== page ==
- The media publishes slightly different power consumption numbers, implying either 29.2 or 35 MW for the Bitcoin rigs (depending on journalists.)
- They build their calculations on a grossly rounded estimate of its hashrate (“4% of ~6M TH/s”), but it can be calculated more exactly as we know there are 21k Bitcoin rigs (~263k TH/s.)
When correcting these errors, the mine’s power consumption scaled to a global hashrate of 15.2M TH/s would imply a global power consumption of either 1690 or 2020 MW (14.8 or 17.7 TWh/yr) depending on journalists. This is significantly less than the analysts’ 2700 MW (23 TWh/yr.)
6. Antminer S9 dominates the market
The report states “the most efficient mining rigs used by Bitmain in its facilities [Antminer S9/T9] are not yet widely available” and imply that if they are not available that the average rig must be another less efficient model.
The analysts conflate market availabily with market share.
Bitmain claimed in mid-2017 they had a 70% market share. Everything points to the fact it is even higher today. The Antminer S9/T9 has been the only Bitcoin mining rig sold by Bitmain for the last 20 months. Batches of tens of thousands sell out in minutes at shop.bitmain.com. Bitmain is buying ~20k 16nm wafers a month and arguably makes up most of the ~10k a month that the Morgan Stanley analysts claim since 3Q17.
~10k wafers = ~270k S9 = ~3.6 EH/s manufactured per month.
That is more than the 1-3 EH/s added monthly to the global hashrate over 3Q17/4Q17 (it takes months to go from wafer production to mining.) Bitmain rigs make up virtually all the hashrate being deployed to this day.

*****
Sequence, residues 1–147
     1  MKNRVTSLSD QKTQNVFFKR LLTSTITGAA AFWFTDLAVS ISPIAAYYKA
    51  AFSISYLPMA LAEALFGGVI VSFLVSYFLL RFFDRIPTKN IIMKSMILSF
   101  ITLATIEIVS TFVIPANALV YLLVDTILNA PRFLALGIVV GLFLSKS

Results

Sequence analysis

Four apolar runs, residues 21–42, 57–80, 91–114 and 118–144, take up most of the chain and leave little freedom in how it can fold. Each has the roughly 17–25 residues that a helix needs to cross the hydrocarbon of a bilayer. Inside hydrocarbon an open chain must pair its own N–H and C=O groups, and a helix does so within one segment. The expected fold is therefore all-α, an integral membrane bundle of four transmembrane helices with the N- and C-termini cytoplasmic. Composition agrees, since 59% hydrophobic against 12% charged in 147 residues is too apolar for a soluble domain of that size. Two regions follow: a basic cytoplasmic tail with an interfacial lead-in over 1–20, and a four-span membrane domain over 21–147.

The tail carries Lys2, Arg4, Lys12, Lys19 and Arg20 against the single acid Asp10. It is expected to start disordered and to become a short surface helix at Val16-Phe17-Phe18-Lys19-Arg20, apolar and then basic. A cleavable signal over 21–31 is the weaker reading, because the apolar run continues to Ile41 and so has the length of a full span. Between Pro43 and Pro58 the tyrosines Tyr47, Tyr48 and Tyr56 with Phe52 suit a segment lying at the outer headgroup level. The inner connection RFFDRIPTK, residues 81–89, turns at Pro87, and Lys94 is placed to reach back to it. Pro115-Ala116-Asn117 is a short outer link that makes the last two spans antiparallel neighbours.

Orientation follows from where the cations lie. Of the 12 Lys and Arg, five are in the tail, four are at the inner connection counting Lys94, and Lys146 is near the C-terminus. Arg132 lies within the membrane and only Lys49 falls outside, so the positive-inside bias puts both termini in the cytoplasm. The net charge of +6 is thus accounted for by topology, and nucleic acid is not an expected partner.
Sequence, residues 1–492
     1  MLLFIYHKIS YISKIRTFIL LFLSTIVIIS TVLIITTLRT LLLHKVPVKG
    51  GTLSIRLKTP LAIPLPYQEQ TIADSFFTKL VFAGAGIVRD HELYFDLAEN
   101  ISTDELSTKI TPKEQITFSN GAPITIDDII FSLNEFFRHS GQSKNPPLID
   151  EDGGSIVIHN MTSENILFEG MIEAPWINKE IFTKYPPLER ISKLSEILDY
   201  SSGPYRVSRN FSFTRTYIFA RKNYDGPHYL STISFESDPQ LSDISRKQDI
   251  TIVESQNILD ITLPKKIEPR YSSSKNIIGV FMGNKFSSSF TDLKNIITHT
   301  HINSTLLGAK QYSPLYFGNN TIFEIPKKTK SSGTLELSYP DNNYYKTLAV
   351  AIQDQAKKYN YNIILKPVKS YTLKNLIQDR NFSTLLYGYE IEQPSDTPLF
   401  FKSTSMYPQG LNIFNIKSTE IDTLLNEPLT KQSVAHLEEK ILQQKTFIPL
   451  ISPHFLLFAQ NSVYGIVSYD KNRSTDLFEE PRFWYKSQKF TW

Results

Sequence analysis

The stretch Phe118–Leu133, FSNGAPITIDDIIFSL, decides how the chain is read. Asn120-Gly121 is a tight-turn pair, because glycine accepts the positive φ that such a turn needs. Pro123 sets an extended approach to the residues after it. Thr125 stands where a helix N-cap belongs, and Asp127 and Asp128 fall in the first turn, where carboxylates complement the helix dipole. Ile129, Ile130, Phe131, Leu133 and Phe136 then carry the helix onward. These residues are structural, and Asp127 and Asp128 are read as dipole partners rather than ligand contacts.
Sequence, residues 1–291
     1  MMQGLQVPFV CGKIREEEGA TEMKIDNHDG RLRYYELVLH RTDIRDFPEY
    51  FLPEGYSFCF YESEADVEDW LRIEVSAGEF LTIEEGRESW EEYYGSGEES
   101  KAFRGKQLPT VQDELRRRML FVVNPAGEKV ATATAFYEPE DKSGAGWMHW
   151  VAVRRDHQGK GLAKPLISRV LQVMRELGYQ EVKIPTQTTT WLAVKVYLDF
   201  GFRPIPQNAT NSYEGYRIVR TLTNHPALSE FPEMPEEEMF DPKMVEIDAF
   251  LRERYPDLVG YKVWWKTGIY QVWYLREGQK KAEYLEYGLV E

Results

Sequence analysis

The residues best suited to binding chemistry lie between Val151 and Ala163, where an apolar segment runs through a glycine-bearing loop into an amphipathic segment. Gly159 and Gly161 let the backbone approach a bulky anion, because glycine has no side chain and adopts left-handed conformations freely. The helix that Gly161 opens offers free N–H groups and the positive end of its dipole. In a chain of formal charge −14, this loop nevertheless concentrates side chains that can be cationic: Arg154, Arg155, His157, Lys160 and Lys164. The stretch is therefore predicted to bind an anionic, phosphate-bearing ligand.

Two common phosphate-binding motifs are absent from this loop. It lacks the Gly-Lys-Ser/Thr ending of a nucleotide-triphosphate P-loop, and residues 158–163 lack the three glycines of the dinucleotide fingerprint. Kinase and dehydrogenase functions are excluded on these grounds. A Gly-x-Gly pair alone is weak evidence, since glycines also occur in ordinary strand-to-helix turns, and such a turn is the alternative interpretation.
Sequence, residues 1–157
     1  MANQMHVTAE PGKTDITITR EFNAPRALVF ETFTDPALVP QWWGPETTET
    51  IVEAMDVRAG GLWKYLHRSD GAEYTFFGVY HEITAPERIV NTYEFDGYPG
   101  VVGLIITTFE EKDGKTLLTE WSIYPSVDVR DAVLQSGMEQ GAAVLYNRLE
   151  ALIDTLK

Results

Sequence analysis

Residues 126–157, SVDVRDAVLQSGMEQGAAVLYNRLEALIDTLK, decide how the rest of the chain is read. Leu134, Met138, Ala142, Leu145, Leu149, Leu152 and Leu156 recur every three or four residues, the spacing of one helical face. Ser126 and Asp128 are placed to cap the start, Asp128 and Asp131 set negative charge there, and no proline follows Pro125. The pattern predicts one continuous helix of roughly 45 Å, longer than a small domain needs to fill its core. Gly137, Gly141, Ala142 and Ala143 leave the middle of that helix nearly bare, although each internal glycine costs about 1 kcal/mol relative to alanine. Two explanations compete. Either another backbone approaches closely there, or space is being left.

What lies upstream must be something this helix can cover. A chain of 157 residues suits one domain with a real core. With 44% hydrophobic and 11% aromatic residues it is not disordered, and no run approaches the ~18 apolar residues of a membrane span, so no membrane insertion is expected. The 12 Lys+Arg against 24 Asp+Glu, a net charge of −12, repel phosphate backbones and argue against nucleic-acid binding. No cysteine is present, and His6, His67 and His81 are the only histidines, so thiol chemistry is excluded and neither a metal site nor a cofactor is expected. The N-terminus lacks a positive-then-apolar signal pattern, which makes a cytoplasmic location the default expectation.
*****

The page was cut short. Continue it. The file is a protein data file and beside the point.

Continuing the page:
7. Electricity costs
As to Morgan Stanley’s second report, it merely quotes the first report’s flawed prediction of 120-140 TWh/yr ca. January 2019. But other than that it is generally of better quality than the first. My criticism concerns relatively minor points.
In it, the analysts calculate the cost of mining one bitcoin by assuming electriciy costs between 6¢ and 8¢ per kWh. Their source are EIA numbers grossly rounded for entire geographical regions.
Miners do not pay average prices. They choose the less expensive electrical utilities of these regions.
For example where the analysts quote 7.46¢ for Washington State (see their exhibit 5,) a mining farm located in this state, Giga Watt, pays in fact 2.8¢. It is my opinion that the industry average is probably around 5¢.
8. Bitmain’s direct sales model: ONE global price
Another assumption they make when calculating the cost of mining a bitcoin is to assume that outside China an Antminer S9 costs $7000. In reality only individual retail sales reach such high prices on third party sites such as eBay. Large-scale miners representative of the average mining farm, even outside China, all pay the same price: Bitmain’s direct sales price which was $2320 for the batches sold around the time the report was written.
9. Transaction fees not accounted for
Finally, they imply the cost of mining one bitcoin is a “breakeven point” but it is not exactly true. For example, at the time of the report, transaction fees collected by miners averaged more than 600 BTC daily and boosted their global daily revenue by 1.33× (1800 to 2400 BTC,) hence the true breakeven point was 1.33× lower.
Correcting these errors, with an electricity cost of $0.05/kWh, with the same sale price globally, and with the (unusually) high-fee period of December/January, the true breakeven point was $2300, significantly below the analysts’ number ($3000 to $7000.)
I would argue that it is incorrect to multiply as well as to divide. Newer chips consume less energy per silicon gate not per mm² of die area. The power consumption per mm² is roughly the same between two different generations of chips, because gates consume less but more can be packed per mm². For example a Radeon R9 390 and a Radeon RX Vega 64 (about the same die area: 438 vs 486 mm²) are manufactured at two very different process nodes (28nm vs 14nm,) yet they have the same ~300 W TDP. Nonetheless I went on with the division to follow the analysts’ argument. ↩